(Written by Graham Crozier, 2019)
The Rent Strike of October 1955 has all but disappeared from the awareness of people living in Crawley today. However, it can be seen as representing an example of community action in the face of frustration at a perceived lack of progress in the fulfilment of the promise of the New Town project. The actual issue of a rise in the cost of renting from the Crawley Development Corporation (CDC) by two shillings and sixpence per week, was a catalyst for wider concerns about the quality of life in a place seen as lacking the security and stability of the London communities which most of the newcomer population had left.
Concern about housing reflected the insecurities of both the new and existing population. People moved down to Crawley on the understanding that not only was their standard of living going to be much better, but that the costs associated with it were going to be affordable. Early migrants had believed that their rents would be at a fixed level. The actions of both national government and the Development Corporation seemed to be proving them wrong.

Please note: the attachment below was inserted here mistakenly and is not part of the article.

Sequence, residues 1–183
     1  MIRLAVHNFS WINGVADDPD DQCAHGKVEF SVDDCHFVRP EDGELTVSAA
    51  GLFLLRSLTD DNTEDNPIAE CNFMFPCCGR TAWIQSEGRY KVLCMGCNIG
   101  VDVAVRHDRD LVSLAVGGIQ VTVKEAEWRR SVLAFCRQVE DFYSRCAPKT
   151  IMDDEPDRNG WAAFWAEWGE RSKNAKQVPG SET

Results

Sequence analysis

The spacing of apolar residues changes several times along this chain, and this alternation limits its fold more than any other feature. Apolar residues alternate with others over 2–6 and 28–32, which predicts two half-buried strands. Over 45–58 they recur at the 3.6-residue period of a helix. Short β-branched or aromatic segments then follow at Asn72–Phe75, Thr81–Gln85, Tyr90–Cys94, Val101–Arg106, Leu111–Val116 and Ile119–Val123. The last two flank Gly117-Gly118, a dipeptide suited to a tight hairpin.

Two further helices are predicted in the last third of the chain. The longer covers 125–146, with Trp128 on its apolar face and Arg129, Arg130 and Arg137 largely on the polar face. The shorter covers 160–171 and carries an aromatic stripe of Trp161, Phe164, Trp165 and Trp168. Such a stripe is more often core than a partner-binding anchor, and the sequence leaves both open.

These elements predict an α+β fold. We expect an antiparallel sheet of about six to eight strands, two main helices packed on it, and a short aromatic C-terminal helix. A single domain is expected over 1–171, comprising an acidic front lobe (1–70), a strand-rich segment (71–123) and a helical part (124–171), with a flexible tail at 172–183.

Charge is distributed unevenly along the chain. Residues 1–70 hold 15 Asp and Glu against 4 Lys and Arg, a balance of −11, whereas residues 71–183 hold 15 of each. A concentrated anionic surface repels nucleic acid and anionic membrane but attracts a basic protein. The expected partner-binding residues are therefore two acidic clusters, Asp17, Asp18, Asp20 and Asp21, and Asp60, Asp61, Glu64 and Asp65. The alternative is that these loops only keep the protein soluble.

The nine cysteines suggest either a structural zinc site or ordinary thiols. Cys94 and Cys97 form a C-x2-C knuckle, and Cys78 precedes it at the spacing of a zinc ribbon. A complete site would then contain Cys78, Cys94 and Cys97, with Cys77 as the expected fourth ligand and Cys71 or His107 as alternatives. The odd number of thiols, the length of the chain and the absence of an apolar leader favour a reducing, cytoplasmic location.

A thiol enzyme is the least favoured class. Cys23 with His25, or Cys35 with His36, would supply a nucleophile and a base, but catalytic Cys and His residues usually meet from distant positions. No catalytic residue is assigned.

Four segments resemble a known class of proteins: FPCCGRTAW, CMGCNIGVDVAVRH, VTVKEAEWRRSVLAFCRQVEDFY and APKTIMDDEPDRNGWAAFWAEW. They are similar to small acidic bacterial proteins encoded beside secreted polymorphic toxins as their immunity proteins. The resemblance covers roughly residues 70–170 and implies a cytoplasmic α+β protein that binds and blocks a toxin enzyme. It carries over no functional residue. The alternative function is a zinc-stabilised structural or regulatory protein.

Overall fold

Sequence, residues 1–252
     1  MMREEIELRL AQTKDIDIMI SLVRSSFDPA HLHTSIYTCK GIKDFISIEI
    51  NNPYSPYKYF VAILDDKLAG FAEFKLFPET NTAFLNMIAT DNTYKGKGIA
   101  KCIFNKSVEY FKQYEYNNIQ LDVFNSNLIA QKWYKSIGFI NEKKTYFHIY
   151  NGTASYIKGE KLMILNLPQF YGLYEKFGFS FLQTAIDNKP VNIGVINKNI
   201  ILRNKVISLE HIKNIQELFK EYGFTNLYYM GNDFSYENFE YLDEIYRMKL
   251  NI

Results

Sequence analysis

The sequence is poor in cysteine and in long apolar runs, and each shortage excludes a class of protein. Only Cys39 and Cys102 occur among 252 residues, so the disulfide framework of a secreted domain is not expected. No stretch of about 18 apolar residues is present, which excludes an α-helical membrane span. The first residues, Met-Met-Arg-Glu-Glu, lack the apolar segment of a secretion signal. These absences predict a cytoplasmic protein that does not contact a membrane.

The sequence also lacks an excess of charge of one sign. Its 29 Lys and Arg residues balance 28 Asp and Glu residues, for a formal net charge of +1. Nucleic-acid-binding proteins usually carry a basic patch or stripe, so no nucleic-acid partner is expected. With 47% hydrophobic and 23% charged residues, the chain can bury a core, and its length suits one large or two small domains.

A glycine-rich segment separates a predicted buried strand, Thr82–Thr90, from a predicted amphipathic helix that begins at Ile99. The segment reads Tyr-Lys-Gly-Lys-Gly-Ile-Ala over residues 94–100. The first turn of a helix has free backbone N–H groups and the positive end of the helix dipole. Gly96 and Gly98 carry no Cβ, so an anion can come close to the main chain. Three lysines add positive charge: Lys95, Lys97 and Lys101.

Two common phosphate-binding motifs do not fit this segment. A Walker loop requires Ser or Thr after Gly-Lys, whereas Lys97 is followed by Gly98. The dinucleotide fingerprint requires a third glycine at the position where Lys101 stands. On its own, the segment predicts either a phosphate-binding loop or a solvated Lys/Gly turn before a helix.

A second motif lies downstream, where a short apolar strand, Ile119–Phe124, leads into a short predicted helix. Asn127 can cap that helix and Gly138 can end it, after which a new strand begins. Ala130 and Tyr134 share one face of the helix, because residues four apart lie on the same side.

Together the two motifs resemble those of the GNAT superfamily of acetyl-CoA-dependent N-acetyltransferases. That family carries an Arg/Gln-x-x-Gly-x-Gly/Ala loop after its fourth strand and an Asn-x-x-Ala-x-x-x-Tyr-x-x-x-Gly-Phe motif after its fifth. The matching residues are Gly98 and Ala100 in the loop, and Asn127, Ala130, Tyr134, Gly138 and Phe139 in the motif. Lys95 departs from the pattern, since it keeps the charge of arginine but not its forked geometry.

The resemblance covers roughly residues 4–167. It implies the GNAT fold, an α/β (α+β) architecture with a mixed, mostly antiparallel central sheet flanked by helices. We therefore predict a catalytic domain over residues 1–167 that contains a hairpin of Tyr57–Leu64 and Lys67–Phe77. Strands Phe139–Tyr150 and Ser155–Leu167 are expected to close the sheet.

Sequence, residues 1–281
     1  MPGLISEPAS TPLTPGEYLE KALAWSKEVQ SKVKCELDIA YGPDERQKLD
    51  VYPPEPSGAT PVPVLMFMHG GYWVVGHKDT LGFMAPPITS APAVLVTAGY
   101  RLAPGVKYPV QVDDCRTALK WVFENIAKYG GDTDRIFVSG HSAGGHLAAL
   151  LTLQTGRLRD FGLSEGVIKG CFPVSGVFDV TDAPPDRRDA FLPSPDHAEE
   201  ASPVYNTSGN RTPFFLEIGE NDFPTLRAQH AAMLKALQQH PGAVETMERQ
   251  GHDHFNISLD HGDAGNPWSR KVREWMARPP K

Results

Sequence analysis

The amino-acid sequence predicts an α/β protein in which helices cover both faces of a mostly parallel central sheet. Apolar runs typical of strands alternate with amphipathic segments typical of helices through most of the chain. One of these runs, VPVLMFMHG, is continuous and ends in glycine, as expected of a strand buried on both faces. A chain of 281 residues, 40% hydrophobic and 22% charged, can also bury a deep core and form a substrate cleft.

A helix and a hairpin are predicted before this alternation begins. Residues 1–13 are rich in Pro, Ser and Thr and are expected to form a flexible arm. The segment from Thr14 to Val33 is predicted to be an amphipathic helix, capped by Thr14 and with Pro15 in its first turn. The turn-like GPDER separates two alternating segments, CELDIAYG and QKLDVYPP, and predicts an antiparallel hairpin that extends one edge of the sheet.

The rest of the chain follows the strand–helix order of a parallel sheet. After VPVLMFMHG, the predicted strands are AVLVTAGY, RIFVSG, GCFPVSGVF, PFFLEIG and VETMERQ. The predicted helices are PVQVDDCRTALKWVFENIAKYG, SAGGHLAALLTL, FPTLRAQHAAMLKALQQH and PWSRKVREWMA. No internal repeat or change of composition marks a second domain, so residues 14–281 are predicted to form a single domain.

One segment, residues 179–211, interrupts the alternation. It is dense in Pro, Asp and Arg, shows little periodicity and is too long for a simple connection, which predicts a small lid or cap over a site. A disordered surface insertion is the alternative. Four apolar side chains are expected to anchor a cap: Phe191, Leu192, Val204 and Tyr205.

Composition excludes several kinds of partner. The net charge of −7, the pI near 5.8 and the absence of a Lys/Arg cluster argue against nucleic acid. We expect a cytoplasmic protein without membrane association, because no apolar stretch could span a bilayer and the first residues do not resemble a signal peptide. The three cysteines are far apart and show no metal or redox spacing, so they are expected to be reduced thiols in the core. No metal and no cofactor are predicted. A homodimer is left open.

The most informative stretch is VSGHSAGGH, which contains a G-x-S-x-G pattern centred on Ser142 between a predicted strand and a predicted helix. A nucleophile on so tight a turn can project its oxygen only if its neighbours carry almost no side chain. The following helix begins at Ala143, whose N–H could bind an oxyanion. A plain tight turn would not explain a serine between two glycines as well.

This was against a background of a major campaign by the Labour government in the late 1940s to publicise the advantages of moving to one of the New Towns being built around London, in particular the prospect of people having their own, modern home. This, plus the promise of stable employment, was the reason that Crawley’s first ‘settlers’ endured the hardships of poor facilities and the unforgiving clay soil. There was very much a sense that the New Town represented part of the dream of a better, socialised way of life held out by the Attlee government. This, plus the new demographic of the town, accounts for the strong support enjoyed by working-class organisations in Crawley in the 1950s.